Bitcoin was thought of more than a decade ago as “digital gold,” a long-term store of value that would withstand larger economic trends and offer a hedge against inflation. Bitcoin is the first cryptocurrency that uses cryptography for its security.
But the precipitous decline in the price of Bitcoin over the last month demonstrates that this vision is a significant distance from reality. Instead, investors are starting to see bitcoin trading as no different from any other kind of speculative technology investment.
According to an analysis conducted by the data firm Arcane Research, the movement of Bitcoin’s price since the beginning of this year has closely mirrored that of the Nasdaq, which is a benchmark that is heavily weighted toward technology stocks. The Nasdaq is used to measure the performance of the stock market as a whole. That means that as the price of Bitcoin dropped more than 25 percent over the past month, to a little less than $31,000 on Wednesday — less than half its peak in November — the plunge came in near lock step with a more general collapse of tech stocks as investors grappled with higher interest rates and the war in Ukraine.
The developing connection helps explain why people who purchased the cryptocurrency the year before in the hope that its value would increase more, have seen their investment sink. They boughtștiitștiit with the hope that it would become more valuable. And despite the fact that Bitcoin has always been a volatile asset, the fact that it is increasingly similar to risky tech stocks is a glaring indication that Bitcoin has not yet lived up to its potential as a transformational asset.
For the purpose of capturing the price association between Bitcoin and the Nasdaq, Arcane Research gave a numeric score that ranged from -1 to 1. A score of -1 showed that there was an exact divergence between the two prices, while a score of 1 suggested that there was an exact correlation between the two prices.
Since the beginning of the year, the 30-day moving average of the Bitcoin-Nasdaq score has been getting closer and closer to 1, hitting an all-time high of 0.82 this week. This is the closest it has ever been to an exact, one-to-one correlation. At the same time, the movement of Bitcoin’s price has deviated from swings in the price of gold, the asset to which it has been compared the majority of the time.
Over the course of the coronavirus epidemic, there has been a growing convergence with the Nasdaq. This convergence has been driven in part by institutional investors such as hedge funds, endowments, and family offices that have poured money into the cryptocurrency market.
These professional traders, in contrast to the idealists who fueled the original excitement for Bitcoin in the 2010s, are treating the cryptocurrency as part of a bigger portfolio of high-risk, high-reward technology bets. Some of them are feeling the pressure to ensure short-term profits for their customers, and as a result, they have less of an ideological commitment to Bitcoin’s potential for the long run. Their Bitcoin transactions are negatively impacted if they experience a loss of trust in the technology sector as a whole.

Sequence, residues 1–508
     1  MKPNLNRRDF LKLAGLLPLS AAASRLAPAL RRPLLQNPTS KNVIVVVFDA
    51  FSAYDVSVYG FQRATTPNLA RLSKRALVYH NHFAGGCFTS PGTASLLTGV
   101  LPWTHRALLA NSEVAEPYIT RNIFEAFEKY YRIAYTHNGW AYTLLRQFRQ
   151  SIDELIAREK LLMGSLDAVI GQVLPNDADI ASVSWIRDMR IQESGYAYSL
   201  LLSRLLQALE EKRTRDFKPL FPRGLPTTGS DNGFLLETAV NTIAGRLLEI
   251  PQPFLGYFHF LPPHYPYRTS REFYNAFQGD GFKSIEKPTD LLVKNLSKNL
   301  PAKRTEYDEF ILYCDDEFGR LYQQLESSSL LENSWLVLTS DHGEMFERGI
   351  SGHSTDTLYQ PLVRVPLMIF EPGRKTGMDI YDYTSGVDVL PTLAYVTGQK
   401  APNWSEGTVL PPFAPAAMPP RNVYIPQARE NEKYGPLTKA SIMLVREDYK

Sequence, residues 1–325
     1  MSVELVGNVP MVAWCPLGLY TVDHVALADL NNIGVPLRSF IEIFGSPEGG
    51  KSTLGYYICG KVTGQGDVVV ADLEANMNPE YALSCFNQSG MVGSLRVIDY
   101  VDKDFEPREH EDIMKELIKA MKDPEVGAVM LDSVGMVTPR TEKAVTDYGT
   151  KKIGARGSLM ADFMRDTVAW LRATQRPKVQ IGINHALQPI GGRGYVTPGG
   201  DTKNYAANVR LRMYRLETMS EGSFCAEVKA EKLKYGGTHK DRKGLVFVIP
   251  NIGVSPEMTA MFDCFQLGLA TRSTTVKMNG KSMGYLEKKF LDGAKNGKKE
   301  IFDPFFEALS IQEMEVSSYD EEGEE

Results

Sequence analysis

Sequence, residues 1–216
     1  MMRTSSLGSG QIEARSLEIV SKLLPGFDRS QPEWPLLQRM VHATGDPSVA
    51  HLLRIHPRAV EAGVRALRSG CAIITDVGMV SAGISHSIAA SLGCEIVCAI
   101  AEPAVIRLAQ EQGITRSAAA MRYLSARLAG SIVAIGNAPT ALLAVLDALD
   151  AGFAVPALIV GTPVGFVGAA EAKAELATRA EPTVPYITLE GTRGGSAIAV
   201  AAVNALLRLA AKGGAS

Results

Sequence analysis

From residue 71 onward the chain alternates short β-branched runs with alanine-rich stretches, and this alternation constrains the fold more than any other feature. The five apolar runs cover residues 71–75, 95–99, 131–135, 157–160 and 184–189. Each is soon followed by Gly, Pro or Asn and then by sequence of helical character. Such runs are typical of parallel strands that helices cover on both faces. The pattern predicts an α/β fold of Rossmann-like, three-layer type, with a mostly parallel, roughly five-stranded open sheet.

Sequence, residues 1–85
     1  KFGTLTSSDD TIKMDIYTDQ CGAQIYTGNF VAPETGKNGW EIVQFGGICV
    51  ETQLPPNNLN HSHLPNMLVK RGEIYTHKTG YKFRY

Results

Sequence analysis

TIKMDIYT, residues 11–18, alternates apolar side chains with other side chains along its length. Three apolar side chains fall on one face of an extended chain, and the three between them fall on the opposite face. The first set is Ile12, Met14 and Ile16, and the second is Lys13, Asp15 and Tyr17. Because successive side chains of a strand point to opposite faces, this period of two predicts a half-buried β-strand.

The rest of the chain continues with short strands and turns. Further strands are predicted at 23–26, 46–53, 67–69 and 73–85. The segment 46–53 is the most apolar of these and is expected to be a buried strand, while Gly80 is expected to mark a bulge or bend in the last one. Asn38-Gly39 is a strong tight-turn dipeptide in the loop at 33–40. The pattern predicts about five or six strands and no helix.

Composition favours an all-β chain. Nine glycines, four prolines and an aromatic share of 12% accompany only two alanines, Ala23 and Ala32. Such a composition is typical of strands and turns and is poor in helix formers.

This year, concerns in the stock market, which are caused by difficult economic developments such as Russia’s invasion of Ukraine and the unprecedented levels of inflation, have especially expressed themselves in sliding technology stocks. This year, Meta, the firm that was originally known as Facebook, has seen a decline of more than 40 percent. The value of Netflix has dropped by around 70 percent.
Coinbase, a cryptocurrency exchange, reported falling sales and a loss of $430 million for the first quarter, and on Tuesday, its share price fell by more than 10 percent after the company released its earnings report. Over the course of this year, the price of the company’s shares has decreased by more than 75 percent.
After finishing last week down 26% from its record high reached in the middle of November, the Nasdaq Composite Index is now officially in a bear market. Additionally, the price of Bitcoin reached its all-time high of about $70,000 in November of last year. The meltdown has served as a wake-up call for Bitcoin believers who were living in a fantasy world.
Additionally, the values of other cryptocurrencies have been slashed to record lows. Since the beginning of April, the price of Ether, the second-most valued cryptocurrency, has decreased by nearly 25 percent, bringing it down to less than $2,300. This year has been marked by steep declines for several, including Solana and Cardano.
Bitcoin has bounced back from far larger losses in the past, and its growth over the long run continues to be amazing. Prior to the widespread increase in the value of cryptocurrencies, its price was consistently much below $10,000. True believers, often known as Bitcoin maximalists, continue to be certain that the cryptocurrency will one day decouple itself from its link with risk assets.
Michael Saylor, the chief executive officer of the business intelligence company MicroStrategy, has spent billions of dollars on Bitcoin and accumulated a stockpile of more than 125,000 coins. Saylor has amassed this stockpile during the course of his tenure as CEO of MicroStrategy. Since November, the value of the company’s shares has decreased by around 75 percent as a direct result of the precipitous decline in the price of Bitcoin.
Mr. Saylor blamed the drop in an email on “traders and technocrats” who do not see the long-term potential of Bitcoin to revolutionise the global financial system.
According to what he had to say, “In the short term, the market will be controlled by individuals who have a less appreciative understanding of the merits of Bitcoin.” “The maximalists will be proved accurate over the long run since billions of people need this answer, and awareness is growing to millions more people each month,”